Our new shlicha has arrived. What’s her story?

By Carl Zebrowski
Editor of Hakol

Eynav Dahan arrived in Allentown from Israel in the first part of September. The new slicha (Israeli emissary) to the Lehigh Valley is now getting to know the area and figuring out specifically what she’ll be doing for the Jewish community.

“I didn’t hear of Allentown until I was going to come here,” she said. So there’s plenty do just to settle into her new home, and then to decide how to apply her personal strengths to her role. “I’m making my own schedule, seeing what I can do here.”

Two things are set for certain. One: “The goal is to bring the culture of Israel to the community, helping people get to know Israel in a more personal way.” Two: working regularly with the students at the Jewish Day School.

Dahan brings interest and experience in the arts to the job. “Doing art things in the community would be fun,” she said. “I’d like to do a lot of film-related activities, maybe partner with the Israeli film festival.”

Film is one of her prime passions. (Tim Burton, director of “Beetlejuice,” “Edward Scissorhands” and other generally quirky horror/fantasy movies, is one of her favorites.) In about the 10th grade, she began to concentrate on film in school. Then she went to college for it, with mandatory entry into the Israeli Defense Forces (IDF) delayed so she could learn specialized skills to use in her military service.

In the IDF, she mostly worked on training productions. “We’d do educational short films for the commanders, so they knew what to do with their soldiers,” she said.

Besides a love of film, Dahan brings with her a yearslong background in volunteering, the seeds of which were sown in her childhood.

She grew up in the house her parents ran in the Karmiel Children’s Village on the edge of the city. Troubled kids were taken to live among the 20 houses in the village. The parents in each house cared for a dozen children, plus their own — for Dahan’s parents, that was four girls. “Their job was to be the mom and dad,” Dahan said.

The village was “kind of like a gated community,” Dahan continued, “to keep the children safe and because some would try to run away when they first got there.”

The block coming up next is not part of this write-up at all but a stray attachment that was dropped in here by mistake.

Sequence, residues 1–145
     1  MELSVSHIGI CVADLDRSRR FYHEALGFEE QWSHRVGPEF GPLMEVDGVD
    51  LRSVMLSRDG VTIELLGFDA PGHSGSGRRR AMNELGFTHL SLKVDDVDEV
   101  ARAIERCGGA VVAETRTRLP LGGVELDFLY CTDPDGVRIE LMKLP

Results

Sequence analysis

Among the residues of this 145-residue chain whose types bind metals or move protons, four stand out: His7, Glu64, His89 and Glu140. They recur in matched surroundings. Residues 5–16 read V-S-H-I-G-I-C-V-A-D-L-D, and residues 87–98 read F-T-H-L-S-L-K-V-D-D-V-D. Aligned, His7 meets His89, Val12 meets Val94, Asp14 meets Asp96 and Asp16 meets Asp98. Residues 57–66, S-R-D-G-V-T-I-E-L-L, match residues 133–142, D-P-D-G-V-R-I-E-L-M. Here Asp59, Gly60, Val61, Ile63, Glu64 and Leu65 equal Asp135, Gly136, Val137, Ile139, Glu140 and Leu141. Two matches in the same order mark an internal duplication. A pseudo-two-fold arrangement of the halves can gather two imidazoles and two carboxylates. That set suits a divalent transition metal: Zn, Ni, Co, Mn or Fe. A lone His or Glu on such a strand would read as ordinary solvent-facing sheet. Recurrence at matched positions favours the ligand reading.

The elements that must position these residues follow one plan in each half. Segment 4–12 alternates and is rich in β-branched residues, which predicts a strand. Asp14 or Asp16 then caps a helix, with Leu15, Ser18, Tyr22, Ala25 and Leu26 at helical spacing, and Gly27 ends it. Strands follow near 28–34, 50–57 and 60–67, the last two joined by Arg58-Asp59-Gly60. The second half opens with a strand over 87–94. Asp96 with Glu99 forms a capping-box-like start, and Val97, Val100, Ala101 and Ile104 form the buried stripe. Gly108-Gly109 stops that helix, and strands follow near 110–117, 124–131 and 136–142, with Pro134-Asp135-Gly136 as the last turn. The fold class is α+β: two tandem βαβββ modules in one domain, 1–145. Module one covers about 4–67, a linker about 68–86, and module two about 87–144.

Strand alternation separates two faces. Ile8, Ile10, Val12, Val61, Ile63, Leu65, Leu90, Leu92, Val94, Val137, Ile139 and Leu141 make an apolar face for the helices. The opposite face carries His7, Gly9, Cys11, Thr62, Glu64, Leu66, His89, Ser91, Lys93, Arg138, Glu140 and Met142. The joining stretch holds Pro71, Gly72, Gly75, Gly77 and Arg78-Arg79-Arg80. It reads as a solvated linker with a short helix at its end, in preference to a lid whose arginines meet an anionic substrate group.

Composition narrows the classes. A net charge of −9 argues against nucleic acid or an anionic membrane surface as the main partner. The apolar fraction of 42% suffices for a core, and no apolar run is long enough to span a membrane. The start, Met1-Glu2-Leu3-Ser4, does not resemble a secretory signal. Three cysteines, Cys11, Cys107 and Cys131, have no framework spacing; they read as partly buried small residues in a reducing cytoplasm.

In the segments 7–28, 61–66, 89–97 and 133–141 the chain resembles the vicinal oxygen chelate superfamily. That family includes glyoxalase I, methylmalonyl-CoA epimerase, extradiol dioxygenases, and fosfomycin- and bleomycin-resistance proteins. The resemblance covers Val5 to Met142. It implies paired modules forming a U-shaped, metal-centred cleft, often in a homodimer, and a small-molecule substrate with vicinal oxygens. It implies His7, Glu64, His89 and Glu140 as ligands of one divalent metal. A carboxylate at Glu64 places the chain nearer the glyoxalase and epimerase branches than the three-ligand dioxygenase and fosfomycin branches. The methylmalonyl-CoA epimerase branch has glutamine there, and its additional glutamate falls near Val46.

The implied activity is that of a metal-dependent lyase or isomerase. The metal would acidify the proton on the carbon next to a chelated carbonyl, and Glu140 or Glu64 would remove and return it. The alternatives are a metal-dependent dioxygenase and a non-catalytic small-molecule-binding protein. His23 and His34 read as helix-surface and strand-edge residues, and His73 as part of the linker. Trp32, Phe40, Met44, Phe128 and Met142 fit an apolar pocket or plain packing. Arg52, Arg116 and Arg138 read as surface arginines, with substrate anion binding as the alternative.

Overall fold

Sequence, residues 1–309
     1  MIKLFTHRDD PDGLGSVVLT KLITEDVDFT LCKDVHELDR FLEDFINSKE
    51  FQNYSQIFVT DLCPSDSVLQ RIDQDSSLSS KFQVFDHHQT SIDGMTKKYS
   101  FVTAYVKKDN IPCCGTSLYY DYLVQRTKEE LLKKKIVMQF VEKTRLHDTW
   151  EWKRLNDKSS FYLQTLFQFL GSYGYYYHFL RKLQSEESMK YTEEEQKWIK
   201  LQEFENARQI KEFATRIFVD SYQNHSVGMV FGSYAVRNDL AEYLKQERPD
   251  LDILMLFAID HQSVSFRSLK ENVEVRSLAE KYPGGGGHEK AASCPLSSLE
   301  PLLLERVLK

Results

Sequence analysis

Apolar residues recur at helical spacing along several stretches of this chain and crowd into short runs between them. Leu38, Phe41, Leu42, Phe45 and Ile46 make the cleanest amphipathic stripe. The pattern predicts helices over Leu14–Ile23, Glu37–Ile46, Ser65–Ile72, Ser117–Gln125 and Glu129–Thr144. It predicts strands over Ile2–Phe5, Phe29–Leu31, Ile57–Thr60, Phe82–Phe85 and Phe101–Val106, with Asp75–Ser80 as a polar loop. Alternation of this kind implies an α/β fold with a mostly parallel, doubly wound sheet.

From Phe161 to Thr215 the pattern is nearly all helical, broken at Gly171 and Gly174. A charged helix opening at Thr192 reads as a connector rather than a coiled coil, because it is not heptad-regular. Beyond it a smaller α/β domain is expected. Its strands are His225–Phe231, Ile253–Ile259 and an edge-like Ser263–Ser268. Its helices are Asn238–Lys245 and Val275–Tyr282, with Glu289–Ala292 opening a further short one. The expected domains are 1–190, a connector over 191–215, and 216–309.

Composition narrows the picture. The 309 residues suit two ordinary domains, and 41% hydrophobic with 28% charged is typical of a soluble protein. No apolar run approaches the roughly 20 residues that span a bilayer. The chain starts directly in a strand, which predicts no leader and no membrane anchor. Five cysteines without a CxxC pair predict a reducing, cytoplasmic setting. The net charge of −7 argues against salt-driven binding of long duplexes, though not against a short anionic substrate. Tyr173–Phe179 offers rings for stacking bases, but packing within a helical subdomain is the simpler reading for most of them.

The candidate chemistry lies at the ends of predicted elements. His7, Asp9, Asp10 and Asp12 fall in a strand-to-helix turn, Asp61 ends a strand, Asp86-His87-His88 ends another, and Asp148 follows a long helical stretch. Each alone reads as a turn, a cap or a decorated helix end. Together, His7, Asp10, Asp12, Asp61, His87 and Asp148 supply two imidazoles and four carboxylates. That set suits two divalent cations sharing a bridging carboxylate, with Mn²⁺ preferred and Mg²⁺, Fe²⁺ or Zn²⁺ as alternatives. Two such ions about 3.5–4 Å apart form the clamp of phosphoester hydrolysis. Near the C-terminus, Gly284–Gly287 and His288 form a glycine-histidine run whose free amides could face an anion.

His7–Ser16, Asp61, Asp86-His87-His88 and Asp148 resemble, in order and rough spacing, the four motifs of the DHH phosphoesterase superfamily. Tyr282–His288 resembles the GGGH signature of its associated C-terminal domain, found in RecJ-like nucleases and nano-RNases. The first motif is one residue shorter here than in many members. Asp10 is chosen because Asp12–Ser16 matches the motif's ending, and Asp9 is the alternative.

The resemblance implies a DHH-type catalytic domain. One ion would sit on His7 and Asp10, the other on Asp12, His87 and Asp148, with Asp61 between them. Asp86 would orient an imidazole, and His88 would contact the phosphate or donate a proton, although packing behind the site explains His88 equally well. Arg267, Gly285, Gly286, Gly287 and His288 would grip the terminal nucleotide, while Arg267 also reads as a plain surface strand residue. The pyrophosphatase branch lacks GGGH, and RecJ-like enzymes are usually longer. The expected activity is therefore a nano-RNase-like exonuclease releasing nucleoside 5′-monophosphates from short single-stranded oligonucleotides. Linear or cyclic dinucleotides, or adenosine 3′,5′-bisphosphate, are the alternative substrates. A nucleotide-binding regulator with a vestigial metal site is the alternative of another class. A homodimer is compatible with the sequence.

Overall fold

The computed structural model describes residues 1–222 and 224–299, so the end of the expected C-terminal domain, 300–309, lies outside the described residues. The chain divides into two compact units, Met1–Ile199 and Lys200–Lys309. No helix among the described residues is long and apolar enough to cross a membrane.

She said she found the situation “very difficult, because I was sharing my parents. When I got older, I was amazed at what they did. That’s one of the things that made me want to volunteer.”

Taking a volunteer position as a “young guide,” she worked in the community with a children’s committee of 1st to 6th graders that was empowered to make certain decisions. The children’s community center offered various programs to promote values and positive behavior — for example, to keep the kids from smoking.

The next stop on her volunteering timeline was Zambia, where she went for three years. One of her main tasks there was to teach reading.

She also put her film background to use. “I made some short videos for donors to see the kids.”

The various duties and challenges of volunteering was the easier part of the three-year commitment. “The most difficult thing was being away from my family for so long,” she said. “We’re very close.”

Other excursions she took included visiting Pittsburgh. As a teen, she’d traveled to the western Pennsylvania city, Karmiel’s partner in the Partnership2Gether initiative, to show a documentary she’d made about her maternal great-grandmother’s experience in the Holocaust.

She also visited New York City. But she said it’s not as easy as you might think to continuing traveling the United States. “It’s kind of hard for Israelis to get a visa,” she said.

Her time in Zambia ended only this past April. Five months later she’s across the world again, now in the Lehigh Valley.

She debuted in the community at the major donor reception on September 21, handling the video stream for the kickoff event for the Jewish Federation of the Lehigh Valley’s Annual Campaign for Jewish Needs. She’ll be out and about in the valley plenty more during her two years here.